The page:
Stopping the illegal wildlife trade is one of the most important and urgent problems of international organizations for biodiversity protection.
There’s been an unprecedented growth in illegal wildlife trade across the world in recent years, which is threatening to overturn decades of conservation successes. Especially for iconic animals like rhinos, elephants and tigers.
The numbers are horrific: around 20,000 African elephants killed by poachers each year, and the number of rhinos killed in South Africa has consistently increased since 2007.
But it’s not just an issue that affects wildlife. The illegal wildlife trade is a huge international organized crime – the fourth biggest illegal trade in the world.
For the first time, the Analysis of International Funding to Tackle Illegal Wildlife Trade fills the gap between the growing interest of the international community on the theme and the lack of information on donor funding.
The report draws people’s attention on a number of key findings:
- a) A total of $1.3 billion was committed by 24 international donors between 2010 and June 2016, funding 1,105 projects in 60 different countries and various regional and global projects.
- b) The top five donors were the Global Environment Facility (GEF), Germany, the United States, the European Commission, and the World Bank Group, who together contributed $1.1 billion of the total funding (86%).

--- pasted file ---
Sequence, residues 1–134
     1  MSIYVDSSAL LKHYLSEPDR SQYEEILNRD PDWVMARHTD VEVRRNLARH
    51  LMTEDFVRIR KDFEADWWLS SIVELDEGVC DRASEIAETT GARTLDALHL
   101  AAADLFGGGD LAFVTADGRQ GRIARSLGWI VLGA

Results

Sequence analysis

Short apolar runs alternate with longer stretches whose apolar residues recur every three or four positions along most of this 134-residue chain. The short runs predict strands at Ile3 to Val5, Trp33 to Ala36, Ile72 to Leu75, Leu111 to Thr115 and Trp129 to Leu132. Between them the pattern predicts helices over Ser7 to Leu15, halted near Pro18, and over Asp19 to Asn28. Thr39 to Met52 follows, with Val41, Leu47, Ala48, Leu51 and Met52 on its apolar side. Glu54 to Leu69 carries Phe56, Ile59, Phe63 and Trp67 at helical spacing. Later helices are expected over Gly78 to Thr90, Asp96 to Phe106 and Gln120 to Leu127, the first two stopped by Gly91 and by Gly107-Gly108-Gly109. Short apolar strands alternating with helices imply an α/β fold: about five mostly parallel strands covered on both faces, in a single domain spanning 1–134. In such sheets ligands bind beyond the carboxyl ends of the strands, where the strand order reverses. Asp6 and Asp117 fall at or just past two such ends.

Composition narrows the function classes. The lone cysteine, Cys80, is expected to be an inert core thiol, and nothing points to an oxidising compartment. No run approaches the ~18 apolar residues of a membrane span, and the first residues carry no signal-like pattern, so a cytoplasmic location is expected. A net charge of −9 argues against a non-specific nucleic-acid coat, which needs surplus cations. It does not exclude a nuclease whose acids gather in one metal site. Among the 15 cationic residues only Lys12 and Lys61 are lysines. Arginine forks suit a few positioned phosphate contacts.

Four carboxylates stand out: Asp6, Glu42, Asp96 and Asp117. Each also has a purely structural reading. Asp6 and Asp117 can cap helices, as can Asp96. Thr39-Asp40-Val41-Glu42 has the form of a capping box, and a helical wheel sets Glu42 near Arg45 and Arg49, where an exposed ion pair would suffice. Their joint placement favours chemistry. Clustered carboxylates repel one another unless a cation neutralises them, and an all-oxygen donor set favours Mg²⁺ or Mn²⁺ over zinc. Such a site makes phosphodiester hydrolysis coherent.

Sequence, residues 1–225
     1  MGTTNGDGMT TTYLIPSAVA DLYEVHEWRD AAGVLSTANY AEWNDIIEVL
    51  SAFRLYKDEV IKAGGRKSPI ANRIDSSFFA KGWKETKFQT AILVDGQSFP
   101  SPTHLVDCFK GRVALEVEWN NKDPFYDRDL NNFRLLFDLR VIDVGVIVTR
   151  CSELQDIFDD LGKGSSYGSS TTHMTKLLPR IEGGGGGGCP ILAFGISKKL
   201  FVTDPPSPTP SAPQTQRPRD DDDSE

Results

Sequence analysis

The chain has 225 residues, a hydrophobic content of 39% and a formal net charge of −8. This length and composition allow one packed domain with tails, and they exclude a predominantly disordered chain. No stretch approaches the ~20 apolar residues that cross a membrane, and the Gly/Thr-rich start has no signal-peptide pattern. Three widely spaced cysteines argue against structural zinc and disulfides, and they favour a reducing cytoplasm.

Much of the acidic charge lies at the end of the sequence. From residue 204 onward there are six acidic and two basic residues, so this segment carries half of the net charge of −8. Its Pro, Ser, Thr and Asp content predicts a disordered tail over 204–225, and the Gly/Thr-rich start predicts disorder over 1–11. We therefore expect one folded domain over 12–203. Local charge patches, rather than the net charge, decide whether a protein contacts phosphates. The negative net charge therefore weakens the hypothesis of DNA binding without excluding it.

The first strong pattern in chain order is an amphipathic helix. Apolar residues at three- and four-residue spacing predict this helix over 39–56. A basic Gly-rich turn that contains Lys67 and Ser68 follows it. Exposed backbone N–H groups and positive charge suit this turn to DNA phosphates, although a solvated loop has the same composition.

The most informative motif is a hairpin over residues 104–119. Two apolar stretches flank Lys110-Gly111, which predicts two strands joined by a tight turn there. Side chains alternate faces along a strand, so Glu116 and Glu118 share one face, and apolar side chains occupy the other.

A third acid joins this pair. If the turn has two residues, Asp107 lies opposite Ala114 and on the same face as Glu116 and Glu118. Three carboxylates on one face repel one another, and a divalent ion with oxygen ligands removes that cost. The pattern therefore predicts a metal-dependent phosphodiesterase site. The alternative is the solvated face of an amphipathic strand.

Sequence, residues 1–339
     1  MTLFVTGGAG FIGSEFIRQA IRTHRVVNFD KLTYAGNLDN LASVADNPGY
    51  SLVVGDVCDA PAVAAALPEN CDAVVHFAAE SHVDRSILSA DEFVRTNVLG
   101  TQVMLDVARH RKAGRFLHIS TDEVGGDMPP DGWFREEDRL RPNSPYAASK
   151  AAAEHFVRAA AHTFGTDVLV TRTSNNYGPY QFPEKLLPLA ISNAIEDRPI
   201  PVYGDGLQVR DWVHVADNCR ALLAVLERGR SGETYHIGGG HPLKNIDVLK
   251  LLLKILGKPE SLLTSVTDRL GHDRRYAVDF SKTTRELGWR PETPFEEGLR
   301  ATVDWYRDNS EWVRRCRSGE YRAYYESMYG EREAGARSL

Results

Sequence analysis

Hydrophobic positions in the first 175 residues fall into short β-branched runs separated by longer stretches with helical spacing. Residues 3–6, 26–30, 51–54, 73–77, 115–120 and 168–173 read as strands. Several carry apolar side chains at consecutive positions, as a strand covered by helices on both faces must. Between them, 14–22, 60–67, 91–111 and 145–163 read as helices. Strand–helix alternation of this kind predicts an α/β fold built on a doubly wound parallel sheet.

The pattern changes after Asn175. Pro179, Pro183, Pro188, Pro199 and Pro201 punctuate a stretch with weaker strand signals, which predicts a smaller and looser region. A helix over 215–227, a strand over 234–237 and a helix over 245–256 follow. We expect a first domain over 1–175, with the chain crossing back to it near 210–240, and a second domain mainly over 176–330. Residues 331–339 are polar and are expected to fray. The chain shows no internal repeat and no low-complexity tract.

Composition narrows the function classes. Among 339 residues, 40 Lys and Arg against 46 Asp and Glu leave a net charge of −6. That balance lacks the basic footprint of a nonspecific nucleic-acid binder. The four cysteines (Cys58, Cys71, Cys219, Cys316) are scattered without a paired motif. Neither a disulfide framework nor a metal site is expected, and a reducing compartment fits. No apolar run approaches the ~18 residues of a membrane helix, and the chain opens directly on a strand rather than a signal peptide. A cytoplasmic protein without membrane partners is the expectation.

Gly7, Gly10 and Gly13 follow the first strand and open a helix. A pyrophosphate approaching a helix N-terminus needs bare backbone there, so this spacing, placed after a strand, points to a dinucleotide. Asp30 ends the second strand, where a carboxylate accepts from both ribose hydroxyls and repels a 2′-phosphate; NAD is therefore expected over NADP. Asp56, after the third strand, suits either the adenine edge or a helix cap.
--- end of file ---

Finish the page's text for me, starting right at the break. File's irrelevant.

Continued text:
- c) The top five recipient countries were Tanzania (8%), the Democratic Republic of Congo (5%), Mozambique (5%), Gabon (3%), and Bangladesh (3%).
- d) 46% of the funding supported protected area management.
Due to the cross-border and multi-dimensional nature of illegal wildlife trade, the development community must partner with stakeholders from multiple sectors and countries to reduce poaching, trafficking, and the demand for wildlife and wildlife products.
The report was released ahead of the Hanoi Conference on Illegal Wildlife Trade, hosted by the Government of Vietnam on November 17-18, 2016, where global leaders discussed the best way forward to eradicate illegal wildlife trade.